- Lightbox. Now the good ones are not cheap, but mine works for me, especially if I use it in the first hours of the morning, so I regard it as an investment that has changed my life.
- Attitude and self-discipline (also known as grit). These are the hardest; true uphill work. You have to make your brain take control. If you can set some goals/write a to-do list, establish some kind of structure to your day, even set events in your diary, it helps keep the muddle away.
- Self care; rest, keeping warm, tea, vitamins, yoga, balanced meals at regular times, days out. Have a long, hot bath – great for both warmth and relaxation.
- Don’t nag yourself and don’t listen to any horrible little imagined voices saying words like ‘wimp’, ‘pathetic’, ‘ought’, ‘should’, ‘lazy’ or similar.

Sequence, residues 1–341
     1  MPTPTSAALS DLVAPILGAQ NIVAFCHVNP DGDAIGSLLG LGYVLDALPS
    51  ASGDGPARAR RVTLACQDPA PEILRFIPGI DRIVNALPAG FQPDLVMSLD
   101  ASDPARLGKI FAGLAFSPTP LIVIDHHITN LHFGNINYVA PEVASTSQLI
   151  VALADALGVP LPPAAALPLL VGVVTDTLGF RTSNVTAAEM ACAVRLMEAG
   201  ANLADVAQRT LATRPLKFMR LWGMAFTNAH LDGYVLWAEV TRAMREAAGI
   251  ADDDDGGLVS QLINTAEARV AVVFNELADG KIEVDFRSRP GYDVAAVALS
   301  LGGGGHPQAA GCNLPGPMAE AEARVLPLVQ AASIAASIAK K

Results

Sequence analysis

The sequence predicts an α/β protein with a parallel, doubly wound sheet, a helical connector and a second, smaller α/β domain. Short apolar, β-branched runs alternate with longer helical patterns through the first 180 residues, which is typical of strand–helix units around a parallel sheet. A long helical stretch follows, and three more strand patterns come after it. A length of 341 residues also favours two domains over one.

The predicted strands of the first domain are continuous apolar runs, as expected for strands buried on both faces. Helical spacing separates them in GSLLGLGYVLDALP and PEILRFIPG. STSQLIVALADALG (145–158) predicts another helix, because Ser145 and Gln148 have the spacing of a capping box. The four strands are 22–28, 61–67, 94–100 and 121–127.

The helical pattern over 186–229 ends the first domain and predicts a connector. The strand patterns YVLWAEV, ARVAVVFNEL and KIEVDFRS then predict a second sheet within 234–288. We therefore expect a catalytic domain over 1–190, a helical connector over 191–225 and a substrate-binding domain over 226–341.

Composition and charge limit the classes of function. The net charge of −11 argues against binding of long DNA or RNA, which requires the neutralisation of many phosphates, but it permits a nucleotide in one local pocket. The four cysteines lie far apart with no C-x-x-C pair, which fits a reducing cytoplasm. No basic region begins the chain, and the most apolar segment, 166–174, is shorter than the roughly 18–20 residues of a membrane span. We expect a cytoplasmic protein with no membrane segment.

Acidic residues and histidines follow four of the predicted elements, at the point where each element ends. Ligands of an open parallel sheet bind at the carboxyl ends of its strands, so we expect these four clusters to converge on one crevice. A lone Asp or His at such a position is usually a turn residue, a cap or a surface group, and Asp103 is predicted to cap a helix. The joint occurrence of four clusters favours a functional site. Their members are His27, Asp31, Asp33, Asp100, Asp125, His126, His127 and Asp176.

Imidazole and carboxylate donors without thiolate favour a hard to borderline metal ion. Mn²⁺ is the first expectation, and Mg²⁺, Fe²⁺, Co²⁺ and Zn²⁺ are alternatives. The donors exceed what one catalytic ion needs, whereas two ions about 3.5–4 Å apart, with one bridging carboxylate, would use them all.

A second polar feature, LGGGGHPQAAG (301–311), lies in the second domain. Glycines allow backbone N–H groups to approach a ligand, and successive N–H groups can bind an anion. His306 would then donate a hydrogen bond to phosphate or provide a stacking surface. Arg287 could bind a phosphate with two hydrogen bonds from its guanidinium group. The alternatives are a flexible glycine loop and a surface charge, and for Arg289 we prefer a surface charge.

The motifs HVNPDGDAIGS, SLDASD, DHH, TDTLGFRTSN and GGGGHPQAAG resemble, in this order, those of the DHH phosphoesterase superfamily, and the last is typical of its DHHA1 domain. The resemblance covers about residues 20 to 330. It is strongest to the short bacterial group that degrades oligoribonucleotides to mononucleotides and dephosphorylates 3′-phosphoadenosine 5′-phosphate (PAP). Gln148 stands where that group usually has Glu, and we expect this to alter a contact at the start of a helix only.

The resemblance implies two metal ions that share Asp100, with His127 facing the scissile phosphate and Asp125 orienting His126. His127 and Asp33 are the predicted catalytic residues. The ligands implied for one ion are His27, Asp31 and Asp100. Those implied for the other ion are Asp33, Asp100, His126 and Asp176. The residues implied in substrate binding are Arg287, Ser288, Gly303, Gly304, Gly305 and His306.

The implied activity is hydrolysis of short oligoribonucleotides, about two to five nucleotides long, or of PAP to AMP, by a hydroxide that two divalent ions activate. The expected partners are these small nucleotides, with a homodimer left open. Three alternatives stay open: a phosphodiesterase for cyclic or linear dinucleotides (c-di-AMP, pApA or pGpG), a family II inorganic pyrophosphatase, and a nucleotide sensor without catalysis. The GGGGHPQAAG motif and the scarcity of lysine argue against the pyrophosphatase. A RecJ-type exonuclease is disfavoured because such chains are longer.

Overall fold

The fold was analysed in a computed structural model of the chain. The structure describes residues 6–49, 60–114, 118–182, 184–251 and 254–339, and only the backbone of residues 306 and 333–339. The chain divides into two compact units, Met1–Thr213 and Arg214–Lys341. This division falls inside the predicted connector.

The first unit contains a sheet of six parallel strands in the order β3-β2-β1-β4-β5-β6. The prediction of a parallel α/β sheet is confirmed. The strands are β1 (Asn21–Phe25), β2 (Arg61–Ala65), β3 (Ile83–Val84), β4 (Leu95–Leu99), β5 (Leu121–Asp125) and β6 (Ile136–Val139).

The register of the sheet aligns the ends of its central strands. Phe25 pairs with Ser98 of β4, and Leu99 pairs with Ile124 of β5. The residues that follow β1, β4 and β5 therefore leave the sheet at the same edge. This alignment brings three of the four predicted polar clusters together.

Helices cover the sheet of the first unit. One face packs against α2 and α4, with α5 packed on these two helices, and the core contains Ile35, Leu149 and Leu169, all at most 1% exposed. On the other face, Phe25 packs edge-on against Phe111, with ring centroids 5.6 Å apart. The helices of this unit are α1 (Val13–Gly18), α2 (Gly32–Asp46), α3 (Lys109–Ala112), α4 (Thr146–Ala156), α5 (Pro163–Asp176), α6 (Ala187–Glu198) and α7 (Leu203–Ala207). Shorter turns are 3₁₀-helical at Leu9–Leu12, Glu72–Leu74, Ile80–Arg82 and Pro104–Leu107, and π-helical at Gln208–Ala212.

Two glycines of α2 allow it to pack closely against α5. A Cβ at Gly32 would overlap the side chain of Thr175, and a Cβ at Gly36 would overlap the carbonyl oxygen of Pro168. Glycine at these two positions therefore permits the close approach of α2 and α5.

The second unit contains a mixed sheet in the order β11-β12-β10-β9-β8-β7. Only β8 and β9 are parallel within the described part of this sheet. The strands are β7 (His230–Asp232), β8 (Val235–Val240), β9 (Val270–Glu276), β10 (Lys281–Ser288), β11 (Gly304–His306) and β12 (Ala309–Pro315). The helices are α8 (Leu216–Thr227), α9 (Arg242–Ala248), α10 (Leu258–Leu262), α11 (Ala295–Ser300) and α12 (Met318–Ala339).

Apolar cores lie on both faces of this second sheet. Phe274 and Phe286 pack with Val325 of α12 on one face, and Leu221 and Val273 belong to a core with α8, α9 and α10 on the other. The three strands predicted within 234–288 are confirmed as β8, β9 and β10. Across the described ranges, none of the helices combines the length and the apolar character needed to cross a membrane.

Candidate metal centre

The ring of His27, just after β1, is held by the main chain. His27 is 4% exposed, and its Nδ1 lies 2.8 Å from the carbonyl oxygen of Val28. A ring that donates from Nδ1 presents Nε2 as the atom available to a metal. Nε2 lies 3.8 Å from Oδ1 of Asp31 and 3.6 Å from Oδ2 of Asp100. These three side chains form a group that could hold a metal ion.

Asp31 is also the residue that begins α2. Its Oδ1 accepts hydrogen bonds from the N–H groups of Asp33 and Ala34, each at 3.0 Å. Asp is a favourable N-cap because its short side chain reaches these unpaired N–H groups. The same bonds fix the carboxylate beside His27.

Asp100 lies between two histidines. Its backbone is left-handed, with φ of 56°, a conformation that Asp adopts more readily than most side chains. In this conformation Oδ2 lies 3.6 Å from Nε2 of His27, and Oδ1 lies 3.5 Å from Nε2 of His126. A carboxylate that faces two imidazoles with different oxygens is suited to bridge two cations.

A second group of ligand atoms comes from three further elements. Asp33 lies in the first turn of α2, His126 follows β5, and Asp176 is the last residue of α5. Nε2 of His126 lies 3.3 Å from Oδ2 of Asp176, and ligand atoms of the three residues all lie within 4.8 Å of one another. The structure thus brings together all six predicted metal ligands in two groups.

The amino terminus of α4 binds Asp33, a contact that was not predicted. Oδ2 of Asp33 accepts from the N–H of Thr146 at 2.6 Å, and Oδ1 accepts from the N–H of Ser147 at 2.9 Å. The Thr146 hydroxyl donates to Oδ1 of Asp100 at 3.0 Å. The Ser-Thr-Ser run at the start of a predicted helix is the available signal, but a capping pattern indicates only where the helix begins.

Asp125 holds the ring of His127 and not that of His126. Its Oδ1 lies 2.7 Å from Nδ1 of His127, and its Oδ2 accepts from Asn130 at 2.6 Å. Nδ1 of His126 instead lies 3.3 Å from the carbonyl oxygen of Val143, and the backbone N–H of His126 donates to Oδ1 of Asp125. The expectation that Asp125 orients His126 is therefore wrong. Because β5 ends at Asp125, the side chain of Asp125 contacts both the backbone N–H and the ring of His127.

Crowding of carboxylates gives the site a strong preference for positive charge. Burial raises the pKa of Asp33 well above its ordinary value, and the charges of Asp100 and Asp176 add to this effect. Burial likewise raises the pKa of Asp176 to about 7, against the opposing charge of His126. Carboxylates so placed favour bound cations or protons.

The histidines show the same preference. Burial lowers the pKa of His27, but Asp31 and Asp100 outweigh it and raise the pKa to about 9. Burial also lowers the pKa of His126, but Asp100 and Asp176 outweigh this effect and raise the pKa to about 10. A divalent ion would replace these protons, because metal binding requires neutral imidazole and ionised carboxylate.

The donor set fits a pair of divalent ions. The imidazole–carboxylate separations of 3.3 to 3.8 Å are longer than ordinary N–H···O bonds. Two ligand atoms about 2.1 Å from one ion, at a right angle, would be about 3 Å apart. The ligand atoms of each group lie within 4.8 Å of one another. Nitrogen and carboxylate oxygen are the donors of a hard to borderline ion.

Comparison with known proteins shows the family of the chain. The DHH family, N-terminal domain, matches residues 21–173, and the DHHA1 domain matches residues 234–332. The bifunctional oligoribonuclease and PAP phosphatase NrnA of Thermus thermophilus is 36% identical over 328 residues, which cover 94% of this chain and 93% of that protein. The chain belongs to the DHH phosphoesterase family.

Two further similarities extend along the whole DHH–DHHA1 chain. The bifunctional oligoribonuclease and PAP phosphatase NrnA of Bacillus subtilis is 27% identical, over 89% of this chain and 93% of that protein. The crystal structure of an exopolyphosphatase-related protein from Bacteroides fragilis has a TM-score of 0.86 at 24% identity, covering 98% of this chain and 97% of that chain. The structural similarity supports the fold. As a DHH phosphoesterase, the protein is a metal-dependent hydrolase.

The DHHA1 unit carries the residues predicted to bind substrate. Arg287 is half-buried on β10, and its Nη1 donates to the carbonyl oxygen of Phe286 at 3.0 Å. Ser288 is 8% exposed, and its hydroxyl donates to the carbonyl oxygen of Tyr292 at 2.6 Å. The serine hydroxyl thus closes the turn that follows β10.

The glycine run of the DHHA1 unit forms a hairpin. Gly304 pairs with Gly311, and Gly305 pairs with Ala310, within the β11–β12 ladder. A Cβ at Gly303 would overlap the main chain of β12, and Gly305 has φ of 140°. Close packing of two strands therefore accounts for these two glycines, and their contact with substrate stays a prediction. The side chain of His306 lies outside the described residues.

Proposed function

- Visualise: I know, it’s a bit touchy-feely, but imagine (or remember) lying somewhere pleasant soaking up so much sun that it seems to get right into your bones. Twenty concentrated minutes of that can stimulate the same responses in your body as the real thing. Apparently. Well, it seems to make me feel a little down.
I’m not a doctor, so please don’t take what I do as any kind of treatment. I’ve just learnt over the years that these things help me.
The long days have returned.
Alison Morton is the author of Roma Nova thrillers INCEPTIO, PERFIDITAS, SUCCESSIO, AURELIA and INSURRECTIO. The sixth, RETALIO, will be published in Spring 2017. Audiobooks now available for the first four of the series